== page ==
Erica put together a great Python tutorial site information. If you want to learn Phthon, this can point you to where to start:
Getting a grip on Python: six ways to learn online
Article quote below:
Online Python tutorials
Official Python Tutorial It's hard to go wrong when Python.org provides the tutorial for you. The official tutorial offers an excellent language overview with all the details you could hope for. That being said, the tutorial reads like a language manual, which it is. This may be exactly what you're looking for or something you'd prefer to avoid.
People with passive-voice allergies are advised to grab some Claritin before reading. Here's an actual quote from the write-up "Perhaps the most well-known statement type is the if statement. For example: There can be zero or more elif parts, and the else part is optional. The keyword ‘elif‘ is short for ‘else if’, and is useful to avoid excessive indentation. An if ... elif ... elif ... sequence is a substitute for the switch or case statements found in other languages."
Strengths: Complete and correct coverage.
Weaknesses: Not especially user friendly introduction.
Python Rocks! Kent S. Johnson provides a terrific overview of the Python language—and why you should be excited by it—in his "Python Rocks!" rant on his personal website. His brief language tour covers a lot of the language highlights for anyone who wants to understand the big Python picture before settling down to a core Python tutorial. It's a great place to start to get you in the mood for learning the language.
Strengths: Helps you understand why Python rocks.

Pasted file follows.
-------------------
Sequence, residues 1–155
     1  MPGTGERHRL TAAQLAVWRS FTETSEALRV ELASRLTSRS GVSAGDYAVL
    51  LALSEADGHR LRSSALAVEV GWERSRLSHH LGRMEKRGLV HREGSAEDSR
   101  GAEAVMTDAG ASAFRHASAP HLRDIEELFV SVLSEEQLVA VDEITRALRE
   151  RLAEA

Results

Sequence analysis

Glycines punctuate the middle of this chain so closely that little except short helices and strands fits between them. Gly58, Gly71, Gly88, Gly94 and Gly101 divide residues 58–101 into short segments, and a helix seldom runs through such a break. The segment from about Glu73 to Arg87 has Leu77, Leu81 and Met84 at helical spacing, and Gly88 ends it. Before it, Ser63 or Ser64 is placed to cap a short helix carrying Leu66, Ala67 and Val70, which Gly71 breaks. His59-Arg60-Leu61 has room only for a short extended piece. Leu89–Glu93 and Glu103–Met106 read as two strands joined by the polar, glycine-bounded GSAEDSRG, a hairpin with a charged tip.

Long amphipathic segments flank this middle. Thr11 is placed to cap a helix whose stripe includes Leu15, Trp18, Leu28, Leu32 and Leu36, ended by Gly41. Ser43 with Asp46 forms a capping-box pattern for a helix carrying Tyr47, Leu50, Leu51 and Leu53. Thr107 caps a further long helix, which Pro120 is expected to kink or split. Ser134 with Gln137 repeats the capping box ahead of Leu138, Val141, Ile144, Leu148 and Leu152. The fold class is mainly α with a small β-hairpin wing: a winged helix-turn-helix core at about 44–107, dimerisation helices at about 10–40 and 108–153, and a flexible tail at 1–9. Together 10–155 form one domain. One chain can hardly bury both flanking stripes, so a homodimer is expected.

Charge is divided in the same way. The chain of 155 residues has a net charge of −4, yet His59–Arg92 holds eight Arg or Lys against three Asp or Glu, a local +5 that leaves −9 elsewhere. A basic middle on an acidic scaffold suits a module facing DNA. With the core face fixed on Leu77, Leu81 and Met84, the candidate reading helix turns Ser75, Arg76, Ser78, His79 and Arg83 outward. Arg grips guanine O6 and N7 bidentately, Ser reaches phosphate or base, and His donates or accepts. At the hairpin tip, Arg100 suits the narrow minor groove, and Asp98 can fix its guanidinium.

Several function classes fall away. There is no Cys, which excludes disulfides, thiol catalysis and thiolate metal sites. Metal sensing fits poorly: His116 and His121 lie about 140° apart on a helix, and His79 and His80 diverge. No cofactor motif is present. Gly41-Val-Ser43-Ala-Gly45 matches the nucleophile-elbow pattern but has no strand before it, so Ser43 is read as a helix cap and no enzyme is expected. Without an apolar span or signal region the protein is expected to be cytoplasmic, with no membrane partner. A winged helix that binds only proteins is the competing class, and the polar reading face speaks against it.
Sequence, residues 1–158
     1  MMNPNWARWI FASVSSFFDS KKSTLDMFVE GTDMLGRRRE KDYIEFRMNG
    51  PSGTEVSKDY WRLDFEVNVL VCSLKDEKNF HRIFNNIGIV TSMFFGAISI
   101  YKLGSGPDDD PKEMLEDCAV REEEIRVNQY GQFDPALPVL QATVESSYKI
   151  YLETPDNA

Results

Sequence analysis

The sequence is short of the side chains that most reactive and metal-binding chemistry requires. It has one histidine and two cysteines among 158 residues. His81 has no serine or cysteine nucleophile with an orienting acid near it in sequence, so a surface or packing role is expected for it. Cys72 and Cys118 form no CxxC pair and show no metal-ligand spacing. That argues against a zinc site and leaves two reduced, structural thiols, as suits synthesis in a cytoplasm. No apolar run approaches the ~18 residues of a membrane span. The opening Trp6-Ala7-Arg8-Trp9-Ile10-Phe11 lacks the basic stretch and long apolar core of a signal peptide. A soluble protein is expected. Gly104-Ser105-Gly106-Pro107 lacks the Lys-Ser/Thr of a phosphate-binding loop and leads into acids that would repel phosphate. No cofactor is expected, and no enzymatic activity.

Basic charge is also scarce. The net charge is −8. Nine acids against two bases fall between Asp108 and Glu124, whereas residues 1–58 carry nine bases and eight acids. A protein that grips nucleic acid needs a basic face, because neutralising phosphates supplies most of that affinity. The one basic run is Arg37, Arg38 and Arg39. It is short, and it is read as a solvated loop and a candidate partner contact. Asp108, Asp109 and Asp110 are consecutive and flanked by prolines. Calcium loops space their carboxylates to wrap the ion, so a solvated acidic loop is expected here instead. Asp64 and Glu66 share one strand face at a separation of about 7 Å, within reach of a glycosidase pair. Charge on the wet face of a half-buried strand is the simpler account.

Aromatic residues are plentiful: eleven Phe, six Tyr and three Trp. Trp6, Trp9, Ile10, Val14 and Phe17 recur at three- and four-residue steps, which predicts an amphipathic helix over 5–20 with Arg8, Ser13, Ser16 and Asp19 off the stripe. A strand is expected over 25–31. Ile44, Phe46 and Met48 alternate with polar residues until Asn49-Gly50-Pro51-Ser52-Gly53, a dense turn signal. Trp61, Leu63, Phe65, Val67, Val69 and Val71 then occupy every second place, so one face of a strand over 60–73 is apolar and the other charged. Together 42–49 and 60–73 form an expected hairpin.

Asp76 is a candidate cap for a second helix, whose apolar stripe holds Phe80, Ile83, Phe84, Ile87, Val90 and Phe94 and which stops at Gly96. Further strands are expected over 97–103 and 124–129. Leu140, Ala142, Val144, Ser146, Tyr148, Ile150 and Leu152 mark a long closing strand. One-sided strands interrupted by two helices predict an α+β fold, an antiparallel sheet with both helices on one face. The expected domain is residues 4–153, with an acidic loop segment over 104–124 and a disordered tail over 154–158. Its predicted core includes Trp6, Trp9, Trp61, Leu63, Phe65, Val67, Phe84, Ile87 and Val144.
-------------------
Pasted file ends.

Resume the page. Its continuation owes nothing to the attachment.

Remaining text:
Weaknesses: Short, not a full language overview.
Dive Into Python Mark Pilgrim's online book offers a highly regarded survey of the language. First published in 2004, Dive Into Python is considered one of the best comprehensive overviews by some of our Ars staffers. Presented in outline format, the book covers language basics including statements, data types, objects, regular expressions and more. If you have the time to spare, this book offers exhaustive detail. The last chapter, which covers performance tuning, looks like a real gem for advanced programmers.
Strengths: Really detailed
Weaknesses: Slightly dated, with noticeable typos.
A Byte of Python Swaroop C H's online book offers many, many little knowledge chunks. Each page offers a tiny bit of Python knowledge, with clean formatting and good examples. It is not, however, a book that you'll want to sit and read through as there's little narrative flow from this Yahoo! employee. Instead, it works well as a reference. Click through to the if statement, for example, to find out how to put this one statement together or to the tuple page to see examples of grouped data elements.
Strengths: Just the facts.
Weaknesses: Just the facts.
Learning With Python (2nd Edition) For the experienced programmer who's looking to get up and going with a language as quickly, Jeffrey Elkner, Allen B. Downey and Chris Meyers' Learning with Python site (aka, "How to Think Like a Computer Scientist") provides a simple data dump. Expressions, functions, conditionals, iteration, strings and more are covered in short, pointed chapters.
Each of the 11 chapters is presented on a single webpage with lots of well-focused sample code. It's a great resource for anyone who knows object oriented programming and scripting already but needs to quickly produce results in the new language.
Strengths: Direct and to the point; my favorite site
Weaknesses: Misses advanced best practices.
Learning to Program Alan Gauld's "Learning to Program" offers a series of tutorials that assume little or no programming background. Using Python examples, it start with a surey of language basics and then moves on to more advanced topics including event-driven programming and file manipulation, touching on some basic CS introductions to functional programming and recursion.
You'll probably find his "Python in Practice" and "Working with Databases" sections to be valuable, regardless of your background as it covers very practical applied Python. Sadly, his "Writing Web Clients" and "Writing Web Applications" topics are referenced but not available online at this time.
Strengths: Suitable for new programmers
Weaknesses: Some topics are missing in action.